What started as a mere correction on global cues turned into a bloodbath on Dalal Street on two successive days. Following administrative measures taken by the stock exchanges to avert a liquidity crisis, markets went into a free fall till domestic financial institutions chipped in with big buying.
On a day of high volatility, the Sensex closed 875 points, or 4.97 per cent, down at 16,729 from Monday’s close of 17,605.35, while the Nifty ended the day 309 points lower at 4,899, a slide of 5.94 per cent. It was the Sensex’s second-biggest fall after Monday’s crash of 1,408 points. The BSE benchmark index also recorded its biggest-ever intra-day fall of 2,251 points on Tuesday, over 200 points more than Monday’s intra-day slide of 2,049.74 points.
Sanity was restored after Finance Minister P.Chidambaram stepped in to assuage panic-stricken investors, telling them to stay calm and allaying fears about a liquidity crisis. “I am assured by the Reserve Bank of India and banks that enough liquidity will be provided to brokers and market players. Liquidity will not be an issue,” the minister said.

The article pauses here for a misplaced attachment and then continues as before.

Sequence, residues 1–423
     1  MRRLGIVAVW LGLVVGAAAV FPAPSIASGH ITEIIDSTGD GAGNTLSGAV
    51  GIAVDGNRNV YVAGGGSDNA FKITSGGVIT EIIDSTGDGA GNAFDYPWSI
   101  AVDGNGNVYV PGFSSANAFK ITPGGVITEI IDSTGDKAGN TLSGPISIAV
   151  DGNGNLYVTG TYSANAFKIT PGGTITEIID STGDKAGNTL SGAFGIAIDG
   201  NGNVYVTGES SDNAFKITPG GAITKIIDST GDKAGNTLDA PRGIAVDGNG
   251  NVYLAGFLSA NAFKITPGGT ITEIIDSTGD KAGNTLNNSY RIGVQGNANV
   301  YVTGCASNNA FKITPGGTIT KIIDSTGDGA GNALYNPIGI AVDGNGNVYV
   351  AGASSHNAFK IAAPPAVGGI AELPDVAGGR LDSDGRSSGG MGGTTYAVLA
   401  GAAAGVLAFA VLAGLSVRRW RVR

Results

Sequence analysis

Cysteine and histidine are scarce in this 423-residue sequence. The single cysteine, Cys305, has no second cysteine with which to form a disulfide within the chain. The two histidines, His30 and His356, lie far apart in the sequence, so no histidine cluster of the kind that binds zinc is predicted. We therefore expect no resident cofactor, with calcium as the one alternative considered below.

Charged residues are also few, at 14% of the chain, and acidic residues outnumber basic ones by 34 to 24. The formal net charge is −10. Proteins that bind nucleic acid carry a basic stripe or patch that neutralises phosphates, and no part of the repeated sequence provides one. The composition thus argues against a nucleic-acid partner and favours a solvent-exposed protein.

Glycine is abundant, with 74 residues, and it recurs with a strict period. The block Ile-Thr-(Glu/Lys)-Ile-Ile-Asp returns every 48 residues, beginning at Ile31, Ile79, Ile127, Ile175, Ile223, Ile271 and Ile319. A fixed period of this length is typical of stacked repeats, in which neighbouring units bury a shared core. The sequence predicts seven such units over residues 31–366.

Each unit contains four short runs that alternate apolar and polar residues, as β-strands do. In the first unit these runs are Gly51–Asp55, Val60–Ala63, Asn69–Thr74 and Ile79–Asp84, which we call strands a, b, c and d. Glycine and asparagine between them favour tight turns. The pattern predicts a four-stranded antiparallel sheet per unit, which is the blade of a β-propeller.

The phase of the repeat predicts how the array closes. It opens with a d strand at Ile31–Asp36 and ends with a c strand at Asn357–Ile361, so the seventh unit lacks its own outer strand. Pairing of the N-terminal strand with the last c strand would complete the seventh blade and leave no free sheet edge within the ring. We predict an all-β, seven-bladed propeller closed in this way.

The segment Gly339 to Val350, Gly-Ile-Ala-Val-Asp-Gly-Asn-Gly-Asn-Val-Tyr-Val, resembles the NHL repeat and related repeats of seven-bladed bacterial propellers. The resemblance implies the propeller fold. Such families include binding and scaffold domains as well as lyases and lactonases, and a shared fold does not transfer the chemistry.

As anticipated, Indian institutional investors led by Life Insurance Corporation of India (LIC) started buying aggressively. In addition, it is understood that banks also provided liquidity to some brokerages to tide over their crises. Brokers, unable to sell in the market, caused a liquidity crisis and the National Stock Exchange, as part of prudent measures, turned off 200 brokers’ terminals. This, in turn, set off a domino effect in the market overall, experts said.
Indian bourses will take their cue now from the US bourses, which were closed for the last three days, said Amitabh Chakraborty, head of equity, Religare Securities. “Since the market is falling for seven days now, it could have a sharp upside on Wednesday,” he said. “But how long the upside will be maintained is not known. We need to get a fix on the impact of the US sub-prime crisis, which is spreading to other financial institutions.”
Some US bond insurers have started defaulting. There are chances the sub-prime virus may thus infect insurance companies, which could trigger further panic selling.
“India offers one of the best opportunities as the price-earnings multiples for 2008-09 are around 17, but foreign funds are continuously selling and have sold more than $5 billion in January. This reflects the problems in the US, Chakraborty added.